3. Should reduce the risk of inadvertently allowing access when it is not intended. This is, it should be clear to the content provider when access is granted and when it is not.

Use Cases

The main motivation behind Cross-Origin Resource Sharing (CORS) was to remove the same origin restriction from various APIs so that resources can be shared among different origins (i.e. servers).

XMLHttpRequest (XHR)

Currently if you have an API on the server at https://calendar.example/add that accepts requests using the HTTP PUT method to add new appointments you can only issue such requests from within the browser environment on resources within the https://calendar.example/ origin, as follows:

var client = new XMLHttpRequest()"PUT", "https://calendar.example/add")
client.onload = requestSuccess
client.onerror = requestError
client.onabort = requestError

If the https://calendar.example/add resource implements CORS it can accept requests from other origins. To do this the server has to indicate it is willing to handle HTTP PUT methods for non same-origin requests in response to a preflight request. Further when the actual request is issued it has to indicate it is willing to share any response data. Code Web application developers use to talk with this resource can however remain unmodified, even when put on another origin.

If there is an API on that allows authenticated users to edit resources, CORS could be used to allow users to use http://editor.example/ as editor without the need of proxies when communicating changes to resources (e.g. addition or removal).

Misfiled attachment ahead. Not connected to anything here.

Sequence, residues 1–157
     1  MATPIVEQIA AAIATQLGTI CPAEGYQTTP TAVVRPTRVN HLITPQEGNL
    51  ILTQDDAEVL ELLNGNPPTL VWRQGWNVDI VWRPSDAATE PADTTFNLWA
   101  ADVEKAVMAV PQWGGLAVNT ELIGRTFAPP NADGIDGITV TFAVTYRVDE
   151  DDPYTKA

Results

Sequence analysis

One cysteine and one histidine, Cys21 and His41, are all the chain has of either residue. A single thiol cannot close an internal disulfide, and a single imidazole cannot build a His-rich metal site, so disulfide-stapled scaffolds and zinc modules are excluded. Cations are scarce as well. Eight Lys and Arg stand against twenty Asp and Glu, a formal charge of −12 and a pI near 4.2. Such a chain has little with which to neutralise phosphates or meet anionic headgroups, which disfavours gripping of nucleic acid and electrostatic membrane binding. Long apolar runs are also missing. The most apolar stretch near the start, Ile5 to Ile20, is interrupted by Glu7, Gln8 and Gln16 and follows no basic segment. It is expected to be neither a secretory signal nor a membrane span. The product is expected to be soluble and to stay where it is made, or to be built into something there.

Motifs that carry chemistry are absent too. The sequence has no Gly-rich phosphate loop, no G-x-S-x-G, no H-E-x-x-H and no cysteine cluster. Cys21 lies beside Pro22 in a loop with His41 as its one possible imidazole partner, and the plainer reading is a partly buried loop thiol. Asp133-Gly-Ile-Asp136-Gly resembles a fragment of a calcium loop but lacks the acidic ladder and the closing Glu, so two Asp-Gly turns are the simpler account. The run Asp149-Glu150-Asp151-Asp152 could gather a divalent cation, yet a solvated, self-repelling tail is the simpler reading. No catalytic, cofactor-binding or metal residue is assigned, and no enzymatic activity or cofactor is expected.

Not tainting the canvas element (HTML)

Currently if you have an image editor implemented using the canvas element at http://unicornimages.example and a clip art collection at http://narwhalart.example drawing the clip art on the canvas element will cause it to be tainted because the images are from a different origin. The effect of a tainted canvas element is that the toDataURL() method call in the following snippet will throw:

var canvas, context, clipart = []
function init() {
  canvas = document.getElementsByTagName("canvas")[0]
  context = canvas.getContext("2d")
function preload() {
  // populates clipart with five images from
  // http://narwhalart.example/archives/[0-9]
  // all represented as HTML <img> elements
function draw(clipart) {
  context.drawImage(clipart, …)
function save() {
  // get data out of <canvas> and process it
  var data = canvas.toDataURL()

Using CORS the maintainer of http://narwhalart.example can very easily indicate that all images can be used by http://unicornimages.example (or in fact all origins). To do so all that is required to change is that the server has to add the following HTTP headers for the clip art resources:

access-control-allow-origin: http://unicornimages.example
access-control-allow-credentials: true

This would also make the toDataURL() method call no longer throw.

Getting metadata out of media elements (HTML)

At some point in the future the HTML video and audio elements will give a programmatic API to access their metadata. This could be as simple as the following snippet shows:

The API itself is pure speculation and its specifics are not relevant for explaining how CORS can be used.

var vid = document.querySelector("video"),
    vidAuthor =

To prevent data theft this API will only work if the media resource is same origin with where the script is executed from. However, if the video were annotated with CORS, similarly to the image resource in the previous use case, this could work just fine.